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Re-elections are coming up on June 17th and the EU’s boot is firmly on the throat of Greece while the world watches. The pressure is on…

It may seem hard to believe how ‘under pressure’ life is for most people in Greece at the moment. After all, there are many countries that have far greater problems with poverty and unemployment. Other countries have defaulted and survived. Christine Lagarde of the IMF would have the world believe that it is ‘payback time’ and the problem is caused by tax evasion. And there are facts to back up all these statements, yet the truth is something more than a few facts. Well, at least in ancient Hellenic it is…

The ancient Hellenic word Aletheia is often translated to ‘truth’ in English but it lacks the definitive and limited perception of reality as confined to facts that is so common to the English conception. Aletheia is the correspondence of reason to reality. And reality is as much a search for being as it is an accumulation of various types of knowledge of the world in which we live. This central difference in conception perhaps explains why different perceptions of the crisis and the solutions to it exist.

I read between 40 to 60 newspaper reports on Greece every day. One could say that I am fascinated by the unfolding events and how the reports measure up to reality as I see it. But it is a gory fascination…like ambulance chasing. The situation is so uncertain and speculation so rife that it is akin to watching a plane crash out of the sky in slow motion. Just about anything could happen. And I am not alone.

The crisis is all everyone in Greece talks about these days. We watch the news to see what disaster will come next. We watch the growing groups of unemployed people gather in parks with grim faces to discuss their mounting problems. We walk through the towns and cities past the empty shops. We talk to the owners of the small to medium size businesses that close with each passing month. We drive past the shop owners and employees who gather in the streets outside their shops to pass the time due to a lack of business.

Some of us are fortunate and still have regular to semi-regular incomes and food on our table. Every week we hear of someone who lost their business, lost their jobs, had to get food from a soup kitchen. We all have unemployed family members (often with small children). And we know that they were just like us last week, or last month, or last year. Their fate could well be our own destiny. We live in fear of losing whatever it is that we do have.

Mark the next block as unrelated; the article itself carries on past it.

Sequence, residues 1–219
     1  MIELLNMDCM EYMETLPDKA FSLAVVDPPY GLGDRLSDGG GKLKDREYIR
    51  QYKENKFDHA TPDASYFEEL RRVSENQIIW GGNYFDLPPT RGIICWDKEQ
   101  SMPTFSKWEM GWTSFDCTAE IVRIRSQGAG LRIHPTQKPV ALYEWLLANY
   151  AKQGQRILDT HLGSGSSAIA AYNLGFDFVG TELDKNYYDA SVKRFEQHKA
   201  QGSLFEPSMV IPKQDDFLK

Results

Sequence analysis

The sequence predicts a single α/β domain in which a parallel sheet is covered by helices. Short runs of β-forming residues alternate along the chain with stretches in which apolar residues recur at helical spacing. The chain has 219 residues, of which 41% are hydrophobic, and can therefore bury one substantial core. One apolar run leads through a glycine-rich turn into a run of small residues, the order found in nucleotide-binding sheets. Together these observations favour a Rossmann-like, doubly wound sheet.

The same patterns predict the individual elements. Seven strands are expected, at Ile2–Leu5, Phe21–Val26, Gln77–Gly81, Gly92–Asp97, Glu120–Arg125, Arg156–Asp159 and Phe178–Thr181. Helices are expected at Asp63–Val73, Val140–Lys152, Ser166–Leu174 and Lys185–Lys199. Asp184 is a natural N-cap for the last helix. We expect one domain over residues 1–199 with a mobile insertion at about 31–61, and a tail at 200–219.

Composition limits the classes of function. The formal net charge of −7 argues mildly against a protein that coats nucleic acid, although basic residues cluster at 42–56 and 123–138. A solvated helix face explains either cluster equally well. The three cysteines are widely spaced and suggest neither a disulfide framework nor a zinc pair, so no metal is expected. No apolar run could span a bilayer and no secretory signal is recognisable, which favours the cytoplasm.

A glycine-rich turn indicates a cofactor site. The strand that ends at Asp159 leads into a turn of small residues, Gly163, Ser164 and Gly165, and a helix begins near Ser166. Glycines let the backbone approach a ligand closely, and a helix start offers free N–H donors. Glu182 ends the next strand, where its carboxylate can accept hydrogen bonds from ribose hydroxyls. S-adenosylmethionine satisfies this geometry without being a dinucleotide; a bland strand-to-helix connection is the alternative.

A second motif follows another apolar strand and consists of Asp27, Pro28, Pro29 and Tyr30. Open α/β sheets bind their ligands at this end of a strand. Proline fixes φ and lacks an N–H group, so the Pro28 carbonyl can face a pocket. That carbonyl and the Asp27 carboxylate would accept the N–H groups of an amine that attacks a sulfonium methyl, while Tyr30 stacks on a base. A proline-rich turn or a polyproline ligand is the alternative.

This fear is a palpable part of our reality and our truth. Our reactions collectively exemplify our Aletheia; our reason corresponding to our reality. And the fear dichotomises us into different polar extremities, both political and social.

Pro-EMU/anti-EMU, Pro EU/anti-EU, pro-austerity/anti-austerity, left wing/right wing, rich/poor, employed/unemployed… Greece is a bubbling cauldron of divergent opinions about the reality of the economic crisis. Why? Because the different ways in which the crisis has affected different areas and income groups has resulted in chasms of perception. We all see the reality but we disagree on what it is and what reason should be applied to it. In other words We seem to live different truths determined by our individual circumstances, and we find common ground with those affected similarly.

Then there are those who neither read newspapers nor watch the news. They tune in daily to the soap operas, sitcoms and mindless magazine programmes. They refuse to watch the plane fall. They would rather not know where and who it hits. The only information they receive about the crisis is what affects them directly (the causes of which they are vague and ambivalent about). Their opinions are formed by whatever distorted titbits of news events they hear from their friends and family. These people make up a large percentage of those who did not vote in the last election and do not plan to vote in this one either.

Fear… it makes us cling wide-eyed to the unknown and blindly to the known all at once. It makes no difference whether one watches the plane fall or buries one’s head in the sand. It is all about fear. The results of the last elections [and in all the likelihood the next ones too will] illustrate the chasms of perception that have opened up between a dichomitised country. The results are the quiet secret palpitations of fear made manifest